An In-Depth Look at Why the TPA is Stymied in the House


At this current time, the bill granting President Obama, called Trade Promotion Authority (TPA), is dead in the House of Representatives. Just as the legislation was minutes away from coming up for a vote on Friday, Congresswoman Nancy Pelosi performed her classic bait and switch move. Despite having hammered out an agreement with GOP leaders to advance a companion bill to TPA deemed as crucial to win over Democrat support, the feisty San Francisco congresswoman withdrew her support and staged a successful revolt against both the companion bill and TPA. The congresswoman pulled the same stunt in December with the CROMNIBUS bill and nearly derailed that legislation after having spent months crafting it with GOP leaders.

The issue is now how to overcome the Democrat Party’s opposition and win passage of TPA. Publicly, House GOP leaders say there are a number of options on the table. However, if that were true, the legislation would not have collapsed on Friday. Even the re-vote scheduled for Tuesday has now been pushed back to the end of July with no exact date scheduled.

Democrat opposition to TPA is ideological. There is no way to break the impasse without making changes to TPA that will require a new vote in the Senate. Bear in mind, Senate Democrats are as eager to derail TPA in that chamber as are House Democrats says Igor Cornelsen on his personal website. Perhaps the GOP can add additional measures in the Trade Adjustment Assistance (TAA) companion bill to TPA, but most Republicans do not support the bill as it currently stands. One issue not being addressed is how to win over the Tea Party’s support. If Tea Party congressmen in the House were to back TPA, the bill would get passed.

Democrats Protest President Subjecting Them to the Same Ridicule He Directs at the GOP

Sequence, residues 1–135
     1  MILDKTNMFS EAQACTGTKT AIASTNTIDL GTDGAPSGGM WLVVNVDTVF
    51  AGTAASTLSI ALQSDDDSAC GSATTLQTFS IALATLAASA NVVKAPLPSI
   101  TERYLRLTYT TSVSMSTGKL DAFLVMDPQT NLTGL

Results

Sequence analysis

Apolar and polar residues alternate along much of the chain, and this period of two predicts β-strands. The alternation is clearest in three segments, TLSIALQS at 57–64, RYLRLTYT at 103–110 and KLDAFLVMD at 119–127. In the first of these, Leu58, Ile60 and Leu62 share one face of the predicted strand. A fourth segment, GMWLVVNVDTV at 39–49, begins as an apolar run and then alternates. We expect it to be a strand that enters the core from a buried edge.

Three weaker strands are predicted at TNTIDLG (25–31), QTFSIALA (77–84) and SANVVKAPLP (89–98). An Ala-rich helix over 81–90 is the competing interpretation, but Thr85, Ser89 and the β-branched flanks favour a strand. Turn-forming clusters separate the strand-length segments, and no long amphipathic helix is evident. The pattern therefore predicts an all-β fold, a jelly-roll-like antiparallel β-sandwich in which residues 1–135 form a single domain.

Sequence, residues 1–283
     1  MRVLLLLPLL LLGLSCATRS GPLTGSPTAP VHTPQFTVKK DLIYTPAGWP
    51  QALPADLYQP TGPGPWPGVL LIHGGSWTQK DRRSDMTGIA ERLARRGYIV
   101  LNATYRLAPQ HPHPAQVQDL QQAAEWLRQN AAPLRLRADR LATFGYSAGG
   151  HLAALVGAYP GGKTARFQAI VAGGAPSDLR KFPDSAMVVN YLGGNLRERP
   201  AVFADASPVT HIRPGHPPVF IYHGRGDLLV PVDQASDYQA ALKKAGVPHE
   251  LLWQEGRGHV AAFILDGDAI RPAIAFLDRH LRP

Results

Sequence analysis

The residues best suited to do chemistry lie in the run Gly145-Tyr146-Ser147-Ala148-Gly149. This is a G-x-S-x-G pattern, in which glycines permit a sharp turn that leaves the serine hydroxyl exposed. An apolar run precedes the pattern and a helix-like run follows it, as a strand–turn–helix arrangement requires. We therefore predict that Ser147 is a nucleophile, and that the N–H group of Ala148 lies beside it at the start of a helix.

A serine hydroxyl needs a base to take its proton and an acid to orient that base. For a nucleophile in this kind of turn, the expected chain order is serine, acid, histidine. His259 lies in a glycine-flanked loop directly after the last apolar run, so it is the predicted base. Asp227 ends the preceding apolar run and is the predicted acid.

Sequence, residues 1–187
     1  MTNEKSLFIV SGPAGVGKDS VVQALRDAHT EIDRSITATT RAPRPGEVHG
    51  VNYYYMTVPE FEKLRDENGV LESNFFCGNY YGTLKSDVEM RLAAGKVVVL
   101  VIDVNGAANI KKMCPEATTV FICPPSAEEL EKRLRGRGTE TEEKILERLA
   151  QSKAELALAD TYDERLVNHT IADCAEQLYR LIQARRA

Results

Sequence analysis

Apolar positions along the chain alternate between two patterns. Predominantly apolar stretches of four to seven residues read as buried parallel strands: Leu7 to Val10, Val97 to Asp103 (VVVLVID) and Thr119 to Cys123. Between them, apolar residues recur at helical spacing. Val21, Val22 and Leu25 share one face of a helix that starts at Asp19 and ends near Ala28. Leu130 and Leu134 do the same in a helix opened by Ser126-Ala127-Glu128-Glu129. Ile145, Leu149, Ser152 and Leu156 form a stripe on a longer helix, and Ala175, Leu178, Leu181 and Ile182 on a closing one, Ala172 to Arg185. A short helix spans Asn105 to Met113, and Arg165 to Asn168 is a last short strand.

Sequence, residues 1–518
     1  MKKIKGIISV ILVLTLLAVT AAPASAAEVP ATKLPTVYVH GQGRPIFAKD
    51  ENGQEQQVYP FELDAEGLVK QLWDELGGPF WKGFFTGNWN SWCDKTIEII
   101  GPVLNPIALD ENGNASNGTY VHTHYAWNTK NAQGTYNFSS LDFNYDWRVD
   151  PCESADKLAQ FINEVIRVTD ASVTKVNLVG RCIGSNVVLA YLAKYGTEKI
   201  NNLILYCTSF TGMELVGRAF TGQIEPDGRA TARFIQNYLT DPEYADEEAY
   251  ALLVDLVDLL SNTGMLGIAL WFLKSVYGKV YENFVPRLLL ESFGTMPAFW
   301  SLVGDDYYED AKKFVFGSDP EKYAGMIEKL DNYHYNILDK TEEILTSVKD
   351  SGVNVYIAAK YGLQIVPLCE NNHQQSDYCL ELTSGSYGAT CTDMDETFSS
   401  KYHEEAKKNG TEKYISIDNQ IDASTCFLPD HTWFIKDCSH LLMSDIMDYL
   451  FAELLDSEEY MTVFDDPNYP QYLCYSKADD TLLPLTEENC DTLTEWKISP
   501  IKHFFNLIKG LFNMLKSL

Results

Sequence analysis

The wide open battle between President Obama and the Democrat Party over the issue of free trade has the political left crying foul about being ridiculed by the president. In the past, the political left has received such attacks with glee because the president directed them at Republicans. Now that the tables are turned, House and Senate Democrats are offended that the president has dismissed their opposition as being based on ulterior political motives, unnecessary inflammatory rhetoric, and lacking any substantive logic. In fact, progressives now claim that the president is going about securing bipartisan support for the Trans Pacific Partnership (TPP) the wrong way. In fact, he is being accused of launching into tirades against them and the other front groups opposing it.

All double-standards aside, progressives are making important points on the trade deal according to Bernardo Chua. At a fundamental level, it is hard to tell the American people they have no right to see what’s in the trade deal until their elected congressmen waive their right to lengthy debates and amendments of the trade deal. These matters are important ways to protect Americans from job losses and depressed wages. Senator Elizabeth Warren, who has taken the brunt of the president’s criticism, rightly stated that big multinational corporations pushing for TPP likely have enjoyed access to the inner-workings of the trade deal. If their legal teams did not have access to a trade deal that will impact their bottom line, they would not be so heartily behind it. Warren points out that the only people cut out of the process thus far are the ones likely to get hurt by it: American workers.